Sunday, October 31, 2010
The health care law has always been a great controversy, and now the controversy continues over what was meant by the wording within the law. One of the current issues is whether the law is meant to cover birth control. This is where the special interest groups come in. In this case Planned Parenthood is fighting that it is included in the law, while the National Catholic Bioethics Center is arguing that birth control is a lifestyle choice, and other religious organizations are saying they will join the fight against birth control being included if the morning after pill is included under birth control. Since they are unable to agree, there now has to be meetings and conferences and votes as to what constitutes birth control, and if it is covered under the act. There are also major research projects being conducted that to see if more women will take birth control if it is free, also what kind of birth control they will choose. Planned Parenthood advocates for free birth control, because that is their special interest, while it is in the interest of the religious groups to not allow free birth control because it goes against their beliefs. However, in reality, they don’t have to take it, and while the law may not be the best on the books, if we can make it less costly for us that would probably be our best option.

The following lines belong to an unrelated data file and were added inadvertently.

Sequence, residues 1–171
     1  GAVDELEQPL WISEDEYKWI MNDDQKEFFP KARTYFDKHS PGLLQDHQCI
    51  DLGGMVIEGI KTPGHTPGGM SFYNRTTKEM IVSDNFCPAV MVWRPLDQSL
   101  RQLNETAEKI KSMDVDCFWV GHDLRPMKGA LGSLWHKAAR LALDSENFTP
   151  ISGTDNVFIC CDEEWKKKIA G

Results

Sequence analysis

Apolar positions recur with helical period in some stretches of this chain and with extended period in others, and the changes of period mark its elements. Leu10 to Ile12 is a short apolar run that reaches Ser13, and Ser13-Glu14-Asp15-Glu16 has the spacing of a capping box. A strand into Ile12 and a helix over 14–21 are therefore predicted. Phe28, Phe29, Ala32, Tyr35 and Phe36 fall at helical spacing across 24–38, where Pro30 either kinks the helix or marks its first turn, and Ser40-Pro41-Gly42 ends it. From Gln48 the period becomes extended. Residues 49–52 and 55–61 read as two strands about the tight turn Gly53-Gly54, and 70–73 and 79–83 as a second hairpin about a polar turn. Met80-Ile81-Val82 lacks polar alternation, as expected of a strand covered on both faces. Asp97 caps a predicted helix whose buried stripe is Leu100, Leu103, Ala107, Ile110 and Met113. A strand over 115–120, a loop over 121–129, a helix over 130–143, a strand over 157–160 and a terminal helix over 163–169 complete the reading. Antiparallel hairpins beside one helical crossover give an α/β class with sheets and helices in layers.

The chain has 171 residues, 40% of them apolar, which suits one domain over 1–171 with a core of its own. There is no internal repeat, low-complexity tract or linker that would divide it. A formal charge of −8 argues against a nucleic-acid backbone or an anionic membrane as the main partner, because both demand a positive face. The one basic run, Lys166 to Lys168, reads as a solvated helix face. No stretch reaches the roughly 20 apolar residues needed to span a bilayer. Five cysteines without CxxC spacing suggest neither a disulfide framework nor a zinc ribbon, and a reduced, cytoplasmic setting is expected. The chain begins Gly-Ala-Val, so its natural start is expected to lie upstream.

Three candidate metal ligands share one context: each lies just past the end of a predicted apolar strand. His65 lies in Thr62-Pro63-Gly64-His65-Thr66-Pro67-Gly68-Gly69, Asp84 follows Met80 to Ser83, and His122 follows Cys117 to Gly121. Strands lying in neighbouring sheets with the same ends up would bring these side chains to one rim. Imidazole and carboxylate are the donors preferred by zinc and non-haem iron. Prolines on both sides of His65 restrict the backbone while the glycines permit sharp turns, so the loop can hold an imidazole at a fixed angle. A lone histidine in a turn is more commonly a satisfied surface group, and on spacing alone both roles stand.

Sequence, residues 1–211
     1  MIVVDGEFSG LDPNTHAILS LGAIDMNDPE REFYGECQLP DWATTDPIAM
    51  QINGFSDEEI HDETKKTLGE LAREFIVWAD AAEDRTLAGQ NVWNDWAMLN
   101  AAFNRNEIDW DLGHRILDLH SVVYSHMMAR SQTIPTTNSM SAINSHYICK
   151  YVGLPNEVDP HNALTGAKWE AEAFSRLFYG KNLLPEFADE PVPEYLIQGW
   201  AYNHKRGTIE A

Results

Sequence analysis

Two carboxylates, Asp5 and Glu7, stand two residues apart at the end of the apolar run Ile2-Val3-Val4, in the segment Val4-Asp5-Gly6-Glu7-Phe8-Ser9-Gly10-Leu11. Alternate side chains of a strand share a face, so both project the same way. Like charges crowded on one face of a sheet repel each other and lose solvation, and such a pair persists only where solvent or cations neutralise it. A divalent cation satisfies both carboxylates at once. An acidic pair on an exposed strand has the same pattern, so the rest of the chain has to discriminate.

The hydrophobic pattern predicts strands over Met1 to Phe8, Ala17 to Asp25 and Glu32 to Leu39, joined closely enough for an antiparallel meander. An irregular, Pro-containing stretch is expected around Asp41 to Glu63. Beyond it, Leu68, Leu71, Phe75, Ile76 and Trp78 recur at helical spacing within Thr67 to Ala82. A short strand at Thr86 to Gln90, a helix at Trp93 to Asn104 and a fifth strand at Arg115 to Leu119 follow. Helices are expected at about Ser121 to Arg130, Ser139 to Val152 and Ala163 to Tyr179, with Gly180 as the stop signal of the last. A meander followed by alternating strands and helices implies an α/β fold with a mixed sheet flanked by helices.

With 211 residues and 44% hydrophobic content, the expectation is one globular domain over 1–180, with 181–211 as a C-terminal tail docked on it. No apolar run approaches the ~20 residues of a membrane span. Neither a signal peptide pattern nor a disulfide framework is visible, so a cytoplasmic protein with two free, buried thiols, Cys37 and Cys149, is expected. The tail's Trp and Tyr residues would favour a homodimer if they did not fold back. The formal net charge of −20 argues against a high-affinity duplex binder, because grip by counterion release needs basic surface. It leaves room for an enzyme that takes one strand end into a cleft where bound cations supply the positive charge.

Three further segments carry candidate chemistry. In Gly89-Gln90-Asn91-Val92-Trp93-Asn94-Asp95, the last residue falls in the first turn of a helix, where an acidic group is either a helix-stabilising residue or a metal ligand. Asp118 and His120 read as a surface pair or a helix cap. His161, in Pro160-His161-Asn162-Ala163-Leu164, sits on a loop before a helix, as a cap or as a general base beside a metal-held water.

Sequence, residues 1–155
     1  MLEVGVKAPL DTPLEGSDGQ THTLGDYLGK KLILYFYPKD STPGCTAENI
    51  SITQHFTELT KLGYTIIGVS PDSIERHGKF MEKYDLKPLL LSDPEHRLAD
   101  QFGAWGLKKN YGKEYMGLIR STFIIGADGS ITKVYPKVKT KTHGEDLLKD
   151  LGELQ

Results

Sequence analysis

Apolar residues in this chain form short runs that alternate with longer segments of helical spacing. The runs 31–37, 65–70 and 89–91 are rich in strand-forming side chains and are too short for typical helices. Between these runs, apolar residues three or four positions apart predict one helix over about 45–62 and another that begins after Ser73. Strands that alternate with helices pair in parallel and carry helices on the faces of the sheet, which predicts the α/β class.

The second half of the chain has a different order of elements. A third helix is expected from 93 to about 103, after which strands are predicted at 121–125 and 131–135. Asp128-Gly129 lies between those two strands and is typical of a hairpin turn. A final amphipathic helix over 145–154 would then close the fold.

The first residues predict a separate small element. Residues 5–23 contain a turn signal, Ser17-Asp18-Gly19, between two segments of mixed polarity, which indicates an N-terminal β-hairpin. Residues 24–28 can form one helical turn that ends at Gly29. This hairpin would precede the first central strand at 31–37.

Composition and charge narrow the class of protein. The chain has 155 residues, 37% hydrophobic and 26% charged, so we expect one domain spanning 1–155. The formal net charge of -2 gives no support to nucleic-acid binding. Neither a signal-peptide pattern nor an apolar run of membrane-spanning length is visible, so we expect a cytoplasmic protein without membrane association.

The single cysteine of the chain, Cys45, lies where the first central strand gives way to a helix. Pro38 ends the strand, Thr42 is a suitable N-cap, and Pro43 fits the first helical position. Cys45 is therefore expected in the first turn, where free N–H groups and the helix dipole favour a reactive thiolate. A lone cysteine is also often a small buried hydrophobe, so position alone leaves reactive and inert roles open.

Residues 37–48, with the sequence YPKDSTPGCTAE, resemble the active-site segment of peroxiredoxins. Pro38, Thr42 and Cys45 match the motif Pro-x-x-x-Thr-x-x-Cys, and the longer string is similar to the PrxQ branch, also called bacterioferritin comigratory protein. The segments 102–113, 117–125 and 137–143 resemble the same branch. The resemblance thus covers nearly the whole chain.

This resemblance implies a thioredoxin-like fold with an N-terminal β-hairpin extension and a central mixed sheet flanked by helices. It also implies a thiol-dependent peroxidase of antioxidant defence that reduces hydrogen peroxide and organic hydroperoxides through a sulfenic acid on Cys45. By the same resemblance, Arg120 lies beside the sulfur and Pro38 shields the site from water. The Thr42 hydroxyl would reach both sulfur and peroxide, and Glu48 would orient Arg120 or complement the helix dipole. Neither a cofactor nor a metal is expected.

The head-butting that is visible over this issue, is a clear example of how special interest groups create inefficiency as Olson says. Given that the bill has been passed, these special interest groups are creating even more friction about it. It probably would have helped if the people in congress had read the bill prior to voting, but I suppose we have to put the past behind us, now that the bill is in place special interest groups are having their little quarrels making it more time consuming and more costly, exactly as Olson said. Unfortunately it appears that this will be our future unless we begin to follow Olson’s advice, and get things to begin to change somehow.
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